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ICO chastises NHS over data losses

A very leaky vessel indeed

NHS organisations were responsible for 30 per cent of the security breaches reported to the Information Commissioner's Office over the last two years.

The ICO said that, of the 711 reports of security breaches it has received since HM Revenue and Customs reported its loss of 25m child benefit records in November 2007, 209 came from the NHS.

"We have investigated organisations, including several NHS bodies, that have failed to adequately secure their premises and hardware, which has left people's personal details at risk," said Mick Gorrill, the assistant commissioner with responsibility for investigations.

"I encourage organisations, especially NHS bodies, to ensure that the level of security at premises is commensurate with the type of data they are holding. Many breaches are avoidable and are often the result of poor management processes."

The figures came in the same week as three trusts were reprimanded by the ICO for poor information security. Two primary care trusts, Great Yarmouth and Waveney and Gloucestershire, signed formal undertakings to improve their data security after putting thousands of patients' sensitive personal information at risk.

Great Yarmouth and Waveney reported the theft of two PCs to the ICO, containing the personal details of more than 1,000 occupational therapy patients and staff. The personal information had been held on the computers, rather than on a network server, and was not password protected.

In addition, their offices did not have a burglar alarm, internal doors were unlocked and the computers were unencrypted.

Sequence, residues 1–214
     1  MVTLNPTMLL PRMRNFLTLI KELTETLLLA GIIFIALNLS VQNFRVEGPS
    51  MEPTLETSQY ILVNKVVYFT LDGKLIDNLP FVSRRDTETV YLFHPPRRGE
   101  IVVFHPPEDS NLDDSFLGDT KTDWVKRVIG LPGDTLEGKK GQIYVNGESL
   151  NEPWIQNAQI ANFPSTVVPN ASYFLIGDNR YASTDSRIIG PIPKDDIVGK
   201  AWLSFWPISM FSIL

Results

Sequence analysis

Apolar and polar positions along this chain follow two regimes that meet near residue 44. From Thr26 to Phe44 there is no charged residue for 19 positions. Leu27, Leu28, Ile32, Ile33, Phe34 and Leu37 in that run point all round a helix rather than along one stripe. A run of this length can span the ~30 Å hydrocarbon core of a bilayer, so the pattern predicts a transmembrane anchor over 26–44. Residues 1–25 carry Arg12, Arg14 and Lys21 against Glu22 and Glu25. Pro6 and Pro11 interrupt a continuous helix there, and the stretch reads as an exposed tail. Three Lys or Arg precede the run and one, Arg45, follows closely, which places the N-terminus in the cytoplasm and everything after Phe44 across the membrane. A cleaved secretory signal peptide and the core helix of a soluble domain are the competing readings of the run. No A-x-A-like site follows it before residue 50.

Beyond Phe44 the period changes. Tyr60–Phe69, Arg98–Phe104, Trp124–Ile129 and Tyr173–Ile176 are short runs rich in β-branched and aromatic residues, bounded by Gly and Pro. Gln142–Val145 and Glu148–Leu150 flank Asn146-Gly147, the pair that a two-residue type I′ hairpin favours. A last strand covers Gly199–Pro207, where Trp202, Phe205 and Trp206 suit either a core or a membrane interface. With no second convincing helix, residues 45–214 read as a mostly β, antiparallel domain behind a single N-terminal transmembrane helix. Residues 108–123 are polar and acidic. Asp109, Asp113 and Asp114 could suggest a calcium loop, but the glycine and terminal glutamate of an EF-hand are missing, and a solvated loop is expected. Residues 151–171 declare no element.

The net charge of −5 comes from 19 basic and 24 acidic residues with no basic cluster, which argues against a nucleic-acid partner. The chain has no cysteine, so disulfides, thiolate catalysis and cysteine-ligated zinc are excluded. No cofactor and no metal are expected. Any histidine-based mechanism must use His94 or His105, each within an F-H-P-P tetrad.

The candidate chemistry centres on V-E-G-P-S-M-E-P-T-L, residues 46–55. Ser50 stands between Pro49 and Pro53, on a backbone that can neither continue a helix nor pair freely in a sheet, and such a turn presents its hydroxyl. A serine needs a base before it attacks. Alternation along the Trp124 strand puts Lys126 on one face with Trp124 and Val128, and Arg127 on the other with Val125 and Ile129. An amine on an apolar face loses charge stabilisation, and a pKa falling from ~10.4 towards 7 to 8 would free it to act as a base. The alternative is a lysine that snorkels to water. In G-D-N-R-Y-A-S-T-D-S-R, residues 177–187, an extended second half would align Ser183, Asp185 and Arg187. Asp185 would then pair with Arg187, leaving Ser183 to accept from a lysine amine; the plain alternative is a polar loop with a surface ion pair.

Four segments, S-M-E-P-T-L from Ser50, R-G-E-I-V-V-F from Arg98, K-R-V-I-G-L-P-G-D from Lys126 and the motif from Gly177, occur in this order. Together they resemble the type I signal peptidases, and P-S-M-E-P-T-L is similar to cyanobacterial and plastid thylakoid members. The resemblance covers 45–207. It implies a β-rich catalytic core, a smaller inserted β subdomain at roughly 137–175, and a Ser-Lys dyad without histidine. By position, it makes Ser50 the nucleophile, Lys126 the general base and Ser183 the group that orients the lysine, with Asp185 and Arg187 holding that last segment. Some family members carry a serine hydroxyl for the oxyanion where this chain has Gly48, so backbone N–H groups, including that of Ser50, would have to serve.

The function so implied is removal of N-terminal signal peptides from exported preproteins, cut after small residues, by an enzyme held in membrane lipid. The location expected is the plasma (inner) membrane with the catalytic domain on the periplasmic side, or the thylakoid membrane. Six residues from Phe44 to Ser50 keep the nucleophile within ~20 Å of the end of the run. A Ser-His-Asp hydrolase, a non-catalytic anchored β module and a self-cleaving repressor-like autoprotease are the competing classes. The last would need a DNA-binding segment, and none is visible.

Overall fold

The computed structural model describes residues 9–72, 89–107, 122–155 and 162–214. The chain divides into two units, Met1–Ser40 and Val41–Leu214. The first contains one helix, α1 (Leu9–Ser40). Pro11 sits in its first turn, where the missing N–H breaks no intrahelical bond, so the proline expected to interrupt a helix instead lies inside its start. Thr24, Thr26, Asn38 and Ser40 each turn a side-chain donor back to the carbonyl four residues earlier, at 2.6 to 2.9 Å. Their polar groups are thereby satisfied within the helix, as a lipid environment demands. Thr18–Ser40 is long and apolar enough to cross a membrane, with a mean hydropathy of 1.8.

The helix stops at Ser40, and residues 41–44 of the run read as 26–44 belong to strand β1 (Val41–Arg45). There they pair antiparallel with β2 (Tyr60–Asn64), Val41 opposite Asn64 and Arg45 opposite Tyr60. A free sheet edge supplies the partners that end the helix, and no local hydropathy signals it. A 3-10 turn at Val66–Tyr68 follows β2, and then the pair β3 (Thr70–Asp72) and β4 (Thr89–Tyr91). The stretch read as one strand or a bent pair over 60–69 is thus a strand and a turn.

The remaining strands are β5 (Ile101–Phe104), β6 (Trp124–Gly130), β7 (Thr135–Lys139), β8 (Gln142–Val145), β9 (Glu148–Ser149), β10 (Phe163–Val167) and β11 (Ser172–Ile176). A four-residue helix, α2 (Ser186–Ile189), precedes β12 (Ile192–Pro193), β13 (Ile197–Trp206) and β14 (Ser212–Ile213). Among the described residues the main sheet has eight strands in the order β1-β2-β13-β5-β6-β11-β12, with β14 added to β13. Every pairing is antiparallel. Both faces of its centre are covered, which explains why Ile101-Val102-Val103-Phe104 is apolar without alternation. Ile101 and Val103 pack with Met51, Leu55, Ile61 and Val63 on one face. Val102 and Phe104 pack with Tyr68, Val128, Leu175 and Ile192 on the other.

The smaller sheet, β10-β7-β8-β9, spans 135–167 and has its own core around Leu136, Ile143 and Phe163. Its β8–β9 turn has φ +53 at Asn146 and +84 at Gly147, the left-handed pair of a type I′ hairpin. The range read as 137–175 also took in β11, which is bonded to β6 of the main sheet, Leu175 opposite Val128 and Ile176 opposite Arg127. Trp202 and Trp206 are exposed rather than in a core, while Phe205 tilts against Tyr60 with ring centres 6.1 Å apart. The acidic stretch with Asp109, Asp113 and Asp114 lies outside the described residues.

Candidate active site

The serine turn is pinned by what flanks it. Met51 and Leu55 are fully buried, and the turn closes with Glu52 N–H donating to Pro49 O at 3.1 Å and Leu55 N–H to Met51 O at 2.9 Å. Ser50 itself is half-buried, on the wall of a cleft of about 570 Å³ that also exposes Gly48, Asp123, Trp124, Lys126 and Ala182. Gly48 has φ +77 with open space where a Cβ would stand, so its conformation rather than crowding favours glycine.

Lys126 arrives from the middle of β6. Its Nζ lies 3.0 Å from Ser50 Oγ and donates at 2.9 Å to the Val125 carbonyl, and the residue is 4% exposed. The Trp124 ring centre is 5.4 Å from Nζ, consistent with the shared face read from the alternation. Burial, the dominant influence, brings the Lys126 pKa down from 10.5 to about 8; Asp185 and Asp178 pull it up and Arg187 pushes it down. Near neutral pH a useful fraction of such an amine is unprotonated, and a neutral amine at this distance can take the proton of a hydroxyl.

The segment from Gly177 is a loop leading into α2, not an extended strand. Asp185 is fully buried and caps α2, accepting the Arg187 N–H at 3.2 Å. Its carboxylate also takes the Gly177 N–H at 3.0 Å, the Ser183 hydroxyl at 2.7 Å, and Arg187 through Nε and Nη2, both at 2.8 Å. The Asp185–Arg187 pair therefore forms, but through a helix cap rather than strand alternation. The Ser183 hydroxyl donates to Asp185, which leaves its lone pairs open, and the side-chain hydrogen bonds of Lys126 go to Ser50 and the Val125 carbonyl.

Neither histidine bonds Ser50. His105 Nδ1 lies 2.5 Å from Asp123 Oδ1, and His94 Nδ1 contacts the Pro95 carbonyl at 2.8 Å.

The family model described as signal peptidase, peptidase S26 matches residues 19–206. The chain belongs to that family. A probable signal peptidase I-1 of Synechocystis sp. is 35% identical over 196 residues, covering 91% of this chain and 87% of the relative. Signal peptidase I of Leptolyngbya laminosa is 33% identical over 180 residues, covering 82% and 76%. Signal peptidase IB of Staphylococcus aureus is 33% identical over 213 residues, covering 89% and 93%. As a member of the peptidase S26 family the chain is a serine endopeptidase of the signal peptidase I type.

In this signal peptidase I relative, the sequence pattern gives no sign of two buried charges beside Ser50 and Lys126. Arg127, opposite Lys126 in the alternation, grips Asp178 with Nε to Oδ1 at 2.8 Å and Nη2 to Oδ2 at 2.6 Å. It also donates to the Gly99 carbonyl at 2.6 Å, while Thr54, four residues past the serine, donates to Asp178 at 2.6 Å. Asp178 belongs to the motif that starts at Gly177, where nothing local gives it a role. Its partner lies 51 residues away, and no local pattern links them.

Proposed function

Gloucestershire Primary Care Trust reported the theft of six laptops containing the personal data of 2,270 patients. The computers, used by medical secretaries for preparing letters and patient notes, were password protected and held in a locked office, but the ICO said the data should have been held on a server.

Maidstone and Tunbridge Wells NHS Trust, an acute trust, reported the theft of an unencrypted laptop computer from its audiology department. This held test results on 33 patients, as well as other personal details on an unknown number of patients. The trust reported a further three laptops as stolen during August 2009 from its Maidstone site, but these were encrypted.

As with the primary care trusts, Maidstone and Tunbridge Wells has signed an undertaking to improve information security, in its case by encrypting all personal data on laptops and removable media within six months.

The ICO said its research showed that burglaries and theft are the single biggest security risks for organisations processing people's personal details.

This article was originally published at Kable.

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